Sound field model in the enclosed space and complex cepstrum technology
Due to the presence of free-field conditions strictly, sound field approximation we encounter are generally enclosed spaces non-free field. In an enclosed space, sound waves are medium interface reflection, radiation, the presence of reflected waves in the sound field. In the closed space of the sound in a schematic view [13] as shown in Fig. 1.
Fig. 1. Enclosed space sound field schematic
As can be seen from Fig. 1:
where $u\left(M\right)$ is the noise, ${\rho}_{i}$ is the Reflection coefficient, $s\left(M-i{M}_{i}\right)$ is the signal of reflection, $s\left(M\right)$ is the signal of sound source, $x\left(M\right)$ is the total signal. Ignore the noise, then Eq. (14) can express:
Convolution represented by the formula:
where $h\left(M\right)$ is impulse response of the room. From the Eq. (17), acoustic reflection can be seen as a form of noise Convolution noise. While taking the Eq. (17) on both sides do Fourier transform and logarithmic:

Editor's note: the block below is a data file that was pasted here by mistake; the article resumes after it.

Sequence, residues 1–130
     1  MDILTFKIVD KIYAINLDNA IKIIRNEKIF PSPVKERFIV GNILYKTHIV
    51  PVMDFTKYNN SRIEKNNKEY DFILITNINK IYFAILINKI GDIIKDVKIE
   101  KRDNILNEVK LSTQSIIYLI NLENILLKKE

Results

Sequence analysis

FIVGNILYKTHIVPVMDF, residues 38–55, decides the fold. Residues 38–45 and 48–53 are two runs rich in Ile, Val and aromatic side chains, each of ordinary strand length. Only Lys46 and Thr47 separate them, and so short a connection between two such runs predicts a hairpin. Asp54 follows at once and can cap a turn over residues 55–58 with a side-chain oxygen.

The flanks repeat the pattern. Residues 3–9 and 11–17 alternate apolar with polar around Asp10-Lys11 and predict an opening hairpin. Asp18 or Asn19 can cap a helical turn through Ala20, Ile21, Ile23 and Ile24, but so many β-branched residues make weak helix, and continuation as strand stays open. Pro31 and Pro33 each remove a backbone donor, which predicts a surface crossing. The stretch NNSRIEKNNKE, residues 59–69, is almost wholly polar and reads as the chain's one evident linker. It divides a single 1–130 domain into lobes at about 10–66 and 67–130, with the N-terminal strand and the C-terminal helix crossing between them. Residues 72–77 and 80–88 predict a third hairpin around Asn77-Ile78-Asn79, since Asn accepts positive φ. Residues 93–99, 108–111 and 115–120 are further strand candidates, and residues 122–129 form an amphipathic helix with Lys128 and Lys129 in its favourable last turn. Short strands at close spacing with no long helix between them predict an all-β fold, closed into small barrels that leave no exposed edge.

Both sides of the equation called cepstral, design a passband filter make the $\widehat{H}\left(\omega \right)$ disappear, and make Inverse Fourier transform of $\widehat{S}\left(\omega \right)$, then we can obtain $s\left(n\right)$:
Error is defined as:
3. Numerical simulation
In order to verify that difference of the sound signal before and after data processing, respectively, two and four-point source source reconstruction simulation have been done. Of the parameters of the simulation is the same, the enclosed space length, width and height, respectively, 1 m, 1 m, 1 m. Analysis of the frequency are 800 Hz, surface vibration velocity of the ball is 0.25 m/s, holographic measurement distance is 0.1 m, reconstructed surface distance is 0.05 m, holographic surface is 64×64 square planar array, planar array of edge length is 0.8 m. The close space impulse response is shown in Fig. 2. The characteristics of passband filter is shown in Fig. 3. Two-point and four-point source source simulation results shown in Fig. 4 to Fig. 9.
Fig. 2. The close space impulse response
Fig. 3. Bandpass filter amplitude-frequency characteristics
Fig. 4. Theoretical sound pressure contours of two sound sources
Fig. 5. The reconstruction of two point sources acoustic pressure contours after data processing
Fig. 6. The reconstruction of two point sources acoustic pressure contours before data processing